Dot Bunn, “Essence of Light.” Caffe Galleria, 23 North Union Street, Lambertville. Curated by Jane Wesby and Edward Dumchus of River Queen Artisans Gallery in Lambertville. Through Tuesday, January 12.

A full time studio oil painter who lives and works in Bucks County, Dot Bunn is committed to working with and teaching traditional methods of painting.

The artist’s statement: “Although I have my favorites when it comes to subject matter, I believe that all things can be made beautiful if your goal is to apply the principles of composition and the management of color to your work. It is not objects that I strive to paint but the essence of light that surrounds and washes over them.

“My paintings are thoughtfully developed by design, with preliminary drawings using traditional methods of composition built on the geometry of rectangles much the same as was done by painters dating back to the Renaissance. I enjoy the challenge of building a composition that works two dimensionally while depicting reality.”

“The Quiet Months: An Exploration of Winter,” Tulpehaking Nature Center, 157 Westcott Avenue, Hamilton.

This exhibit of regional photographers features images from the nearby Abbott Marshlands and Delaware River in Trenton to ice fields of Iceland.

According to the exhibition announcement, “The photographs illustrate how water freezes creating varied textures and patterns, and show the beauty found by those who take the time to look. While seemingly quiet on the surface, the story of winter involves a flurry of activity and strategies by the plants and animals that must brave the cold environment.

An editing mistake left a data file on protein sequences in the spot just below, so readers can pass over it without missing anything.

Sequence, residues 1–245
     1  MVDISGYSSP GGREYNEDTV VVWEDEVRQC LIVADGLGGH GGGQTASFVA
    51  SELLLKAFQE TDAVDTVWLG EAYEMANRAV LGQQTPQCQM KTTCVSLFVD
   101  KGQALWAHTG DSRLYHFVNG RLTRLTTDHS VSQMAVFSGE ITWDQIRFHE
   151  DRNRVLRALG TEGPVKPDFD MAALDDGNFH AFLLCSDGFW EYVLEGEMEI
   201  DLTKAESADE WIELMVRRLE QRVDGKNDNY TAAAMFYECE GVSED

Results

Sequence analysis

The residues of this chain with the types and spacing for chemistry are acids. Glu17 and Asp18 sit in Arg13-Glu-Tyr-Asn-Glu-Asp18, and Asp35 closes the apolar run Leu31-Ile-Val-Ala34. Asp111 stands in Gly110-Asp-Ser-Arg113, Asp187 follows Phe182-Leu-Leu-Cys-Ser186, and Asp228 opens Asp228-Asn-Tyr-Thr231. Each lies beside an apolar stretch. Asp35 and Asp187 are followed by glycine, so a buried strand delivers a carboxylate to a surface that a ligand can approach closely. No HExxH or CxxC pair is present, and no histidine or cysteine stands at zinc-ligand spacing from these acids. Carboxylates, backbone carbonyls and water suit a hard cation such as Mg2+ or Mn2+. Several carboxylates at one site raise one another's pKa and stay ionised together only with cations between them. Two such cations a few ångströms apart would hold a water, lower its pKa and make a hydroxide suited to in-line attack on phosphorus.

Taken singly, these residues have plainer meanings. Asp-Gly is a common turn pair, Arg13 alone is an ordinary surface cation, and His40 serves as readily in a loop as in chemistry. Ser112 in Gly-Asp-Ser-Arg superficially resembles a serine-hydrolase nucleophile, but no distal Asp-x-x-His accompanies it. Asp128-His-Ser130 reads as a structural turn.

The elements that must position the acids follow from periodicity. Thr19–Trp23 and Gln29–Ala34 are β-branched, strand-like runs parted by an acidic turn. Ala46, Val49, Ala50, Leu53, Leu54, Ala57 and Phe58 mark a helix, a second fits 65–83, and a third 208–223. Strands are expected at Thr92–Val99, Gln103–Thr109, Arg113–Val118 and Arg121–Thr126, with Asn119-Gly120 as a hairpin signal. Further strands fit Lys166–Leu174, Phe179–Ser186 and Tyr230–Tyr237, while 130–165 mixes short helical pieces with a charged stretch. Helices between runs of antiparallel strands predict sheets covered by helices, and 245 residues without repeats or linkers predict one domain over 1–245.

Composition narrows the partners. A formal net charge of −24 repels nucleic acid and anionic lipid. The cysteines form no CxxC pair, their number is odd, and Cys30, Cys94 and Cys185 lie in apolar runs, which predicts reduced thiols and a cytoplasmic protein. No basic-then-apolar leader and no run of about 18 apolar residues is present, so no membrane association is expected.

“Linden Frederick: Roadside Tales,” curated by Lisa Tremper Hanover, director & CEO, the Michener Museum. Through Sunday, March 13. James A. Michener Art Museum, 138 South Main Street, Doylestown. 215-340-9800.

Having grown up in Perth in upstate New York, with a population of just 60, and living since 1989 in Maine, Linden Frederick takes an appreciative view of rural landscapes. As the curator’s statement notes, “his paintings of homes, trailer parks, and motels capture an intense atmosphere of solitude, reminiscent of the work of Edward Hopper.

. . . Frederick takes us on a drive through small towns with empty main streets, past trailer parks and abandoned gas stations, or small suburban houses illuminated by the flickering lights of television screens. The images roll by — if we blink we might miss them — like frames in a movie, familiar somehow, vividly calling to mind images from other places. . . Frederick fixes our attention for a moment on the places he wants us to see, giving us access to otherwise intimate spaces and private worlds. In the moments that we stand in front of his pictures, we see ordinary places and objects transformed into scenes of beauty. We stop. And we look again.”

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